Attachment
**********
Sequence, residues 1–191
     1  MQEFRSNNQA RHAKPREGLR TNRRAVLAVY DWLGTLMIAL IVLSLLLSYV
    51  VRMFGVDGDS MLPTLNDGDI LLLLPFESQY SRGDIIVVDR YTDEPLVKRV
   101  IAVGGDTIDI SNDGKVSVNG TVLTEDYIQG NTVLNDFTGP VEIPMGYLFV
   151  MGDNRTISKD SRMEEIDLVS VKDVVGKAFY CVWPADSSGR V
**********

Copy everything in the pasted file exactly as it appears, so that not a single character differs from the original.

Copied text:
Sequence, residues 1–191
     1  MQEFRSNNQA RHAKPREGLR TNRRAVLAVY DWLGTLMIAL IVLSLLLSYV
    51  VRMFGVDGDS MLPTLNDGDI LLLLPFESQY SRGDIIVVDR YTDEPLVKRV
   101  IAVGGDTIDI SNDGKVSVNG TVLTEDYIQG NTVLNDFTGP VEIPMGYLFV
   151  MGDNRTISKD SRMEEIDLVS VKDVVGKAFY CVWPADSSGR V